Five Ways More Fed Easing Could Make Things Worse
Federal Reserve Chairman Ben Bernanke took another step toward signaling further monetary stimulus Friday, but in doing so left one key issue unanswered: What if all this intervention causes more harm than good?
Results for the central bank's liquidity program—commonly referred to as quantitative easing—have been mixed at best so far. Unemployment remains high, the housing market hasn't recovered and consumer confidence is still low.
So the notion that printing another half-trillion-dollars or more might not make a difference is something that's keeping some market pros up at night.
"We haven't seen much bang for the prior buck from all of the stimulus that they gave us through the first half of the year," says Kim Rupert, managing director of global fixed income analysis for Action Economics in San Francisco. "I'm not so sure that we're going to see any rapid improvement on this round, either."
Worries about all the things that can go wrong with more Fed easing can be broken into five categories:
1. Too Much Intervention
Many strategists and analysts would be just as happy to see Bernanke and his Fed cohorts butt out and let the market find a normalization level on its own.
Currency manipulation and hand-holding of the stock marketcan't last forever, and the time is going to come eventually where the Fed will have to cut itself loose.
Treasury yields have fallen more than a quarter of a point since the Fed indicated in mid-September that it would move if necessary to bolster growth.
"We have the biggest player on the block, the Fed, with an infinite amount of buying power keeping rates extremely low. It just prevents the normal workings of the market," Rupert says. "The Fed is deciding who is going to be the winner and who is going to be the loser in this game."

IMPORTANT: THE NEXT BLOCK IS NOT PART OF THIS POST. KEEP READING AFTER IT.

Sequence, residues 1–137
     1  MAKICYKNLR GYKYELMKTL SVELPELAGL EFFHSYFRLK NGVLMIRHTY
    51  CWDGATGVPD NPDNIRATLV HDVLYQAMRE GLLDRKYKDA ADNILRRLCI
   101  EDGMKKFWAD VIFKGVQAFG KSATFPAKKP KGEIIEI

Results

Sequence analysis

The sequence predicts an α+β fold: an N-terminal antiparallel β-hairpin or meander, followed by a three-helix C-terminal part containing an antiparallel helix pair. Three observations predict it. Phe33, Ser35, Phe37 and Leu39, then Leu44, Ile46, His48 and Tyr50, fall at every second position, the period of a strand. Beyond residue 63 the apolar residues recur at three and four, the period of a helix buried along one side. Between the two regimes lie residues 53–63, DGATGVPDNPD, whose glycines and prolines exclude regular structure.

2. Too Little Intervention
And there's the flipside of the argument: If the Fed does decide to launch another easing program, the risk is that it makes no one happy by intervening too little to make a difference.
Analysts have long questioned the size of the interventions, reasoning that a $500 billion boost might only move gross domestic product by a quarter point or so.
Should the Fed fall short, the October rally may reverse itself as the market has priced in the expected level of QE and may revolt at anything less.
"Overall, the Chairman's speech contained more dithering than we had hoped," Zach Pandl, economist at Nomura Securities in New York, wrote in a note to clients. "This means Bernanke truly sees high risks to further easing (where we do not), or indicates a greater division of views on the committee."
Inflation, Banks and Bullets
3. Too Good at Creating Inflation
While Bernanke has been fairly transparent regarding his desire to inject the economy with a healthy level of inflation after such a long downturn, the fear here is that once it starts it may be hard to stop.